I have not washed my hair in three months. Yes, on purpose.
On July 20th, I decided to stop washing my hair. There were many reasons for my decision, some environmental, such as the wasteful plastic generated by shampoo bottles and the thought of shampoo leaching into our groundwater. Some reasons were personal, such as my hatred of dragging huge tubs of hair product on every vacation. The main reason, though, is the belief that our hair doesn’t really need shampoo at all.
The driving force behind the “no-poo” movement is the idea that our hair produces enough natural oils to keep it shiny and healthy and shampooing strips away these oils, making hair dry and brittle, as well as causing the other problems that hair products are supposed to “fix.” For years, I’ve heard stories about people who claim not to wash their hair, or to only use conditioner, but how many people actually try out those recommendations? Although I’d tried alternative hair cleansers before, I’d never completely given up my every-other-day wash. But I thought that if I could make my hair healthier while saving money on beauty products and helping the environment at the same time, I would give it a shot.
And So It Begins …
I was prepared for the fact that in many ways, my hair is less-than-ideal for this experiment. Although it’s dry and not oily, it’s incredibly curly and textured. I also use styling products—a lot of them—and I wondered exactly what would happen without shampoo to wash away the residue. Curly girls are encouraged to shampoo less often anyway, so I decided that my new regimen would be shampoo- and conditioner-less—I’d just rinse thoroughly in the shower, still use my old styling products, and every couple of weeks I’d “wash” with baking soda to eliminate grime. (Some blogs and Web sites recommend using vinegar as a conditioner.) It seemed simple.
After doing loads of research and reading blogs about giving up shampoo, it seemed that the first few weeks of transition were supposedly the hardest. My hair didn’t get as itchy or greasy as I’d been led to believe it would, but it often looked lank or drowsy. Rinses with baking soda definitely helped to wash away buildup, but there were a lot of ponytail days at first, even if nobody else seemed to notice a difference. I thought that after the initial period of discomfort, my hair would acclimate and become manageable again, but in fact, I began to notice significantly more flyaways and frizzies, which I tried to smooth with hair products. But without conditioner to tame my curls, it became unruly, and I began having trouble working my styling products through my hair. It didn’t feel soft and silky like the no-shampoo blogs had promised, even as I began to get more and more compliments on my hair’s improved body and texture. I wasn’t crazy about the way it felt, but I couldn’t deny that my hair had rarely looked better.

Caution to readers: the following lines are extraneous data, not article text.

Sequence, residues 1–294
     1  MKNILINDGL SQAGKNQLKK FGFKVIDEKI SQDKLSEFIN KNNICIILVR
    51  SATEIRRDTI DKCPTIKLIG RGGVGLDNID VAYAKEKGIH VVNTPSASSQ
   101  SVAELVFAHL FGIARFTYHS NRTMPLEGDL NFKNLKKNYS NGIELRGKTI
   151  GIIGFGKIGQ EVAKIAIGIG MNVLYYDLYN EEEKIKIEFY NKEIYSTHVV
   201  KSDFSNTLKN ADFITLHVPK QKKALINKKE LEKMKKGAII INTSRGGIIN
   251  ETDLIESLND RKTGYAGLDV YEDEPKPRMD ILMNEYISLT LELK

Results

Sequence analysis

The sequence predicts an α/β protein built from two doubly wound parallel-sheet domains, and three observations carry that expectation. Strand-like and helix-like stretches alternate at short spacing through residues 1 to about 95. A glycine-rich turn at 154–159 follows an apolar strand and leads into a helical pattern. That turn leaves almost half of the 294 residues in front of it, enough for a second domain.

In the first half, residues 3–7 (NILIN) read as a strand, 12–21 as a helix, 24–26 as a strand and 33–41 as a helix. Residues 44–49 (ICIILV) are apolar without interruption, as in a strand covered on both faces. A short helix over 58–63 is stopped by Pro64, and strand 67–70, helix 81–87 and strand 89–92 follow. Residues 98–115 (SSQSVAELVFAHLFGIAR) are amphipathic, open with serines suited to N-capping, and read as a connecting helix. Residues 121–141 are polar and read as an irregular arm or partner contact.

Eventually I started to have terrible snarls that I couldn’t untangle without using a wide-tooth comb. I hated raking the comb through my hair, leaving giant gobs of discarded strands in the drain, but it was the only way to get rid of the snarls. The big problem was that even though I was supposedly being kinder to my hair by allowing it to retain its natural oils, the new regimen was actually more damaging, since the detangling and styling were resulting in so much more breakage. Eventually, even the number of compliments on my hair weren’t enough to make the new regimen worth it, since I was actually spending even more time on my hair than before, pulling and tugging on snarls and painstakingly coating every strand of hair with product.
A Tweak for the Weak
By late September, I was just about done with pulling out giant clumps of hair every morning, and the ends were feeling more and more dry and strawlike. (I was also a little afraid to go near open flames or stables.) One day, in a moment of particular weakness, my hair felt so dry and thrashed that I decided a little bit of conditioner couldn’t hurt—immediately, it became bouncy and soft again, with all the texture, but none of the snarls and tangles.
Honestly, I’m disappointed that I couldn’t completely kick the hair product habit. To me, the best outcome of my experiment would have been ending up with lustrous, shiny, naturally perfect curls without any products at all. The worst case scenario was that it would be a disaster and I’d go crawling back to my bottle of chemicals. It turns out that the end result is somewhere in the middle, but leaning slightly toward the no-poo side. It’s unlikely that I’ll ever totally break my addiction to the beauty aisle. However, even though I can’t get away from conditioner, I have no plans to start using shampoo again, and I think that my hair looks better right now than it has in years. Even on days when I don’t style my hair, it still looks great. I even shed less now, leading me to envision a future where my hair is strong, healthy, and breakage-free.
I made it through the uncomfortable first couple of shampoo-less weeks, but I know that plenty of people are far more addicted to shampoo than I was, and for them, it might be harder to break the habit. For them, it might be those first greasy days that make things difficult, while for me, it was the unrepentant tangles. Ultimately, it’s just another personal choice, and for every dozen stories about people who gave up shampoo and love it, there are a few stories of people who just couldn’t do without it. I think it’s liberating to know that I really can get by with one less beauty product clogging up my shower caddy. The no-poo movement may not be for you, but it’s definitely for me.
Photo: The author reveals her no-poo do.
The Lab Rat is dedicated to testing curious and dubious beauty, fitness, food, and lifestyle trends. If you’ve ever wondered whether a particular pop culture fad is worth trying or buying, email The Lab Rat at Allison@realgirlsmedia.com.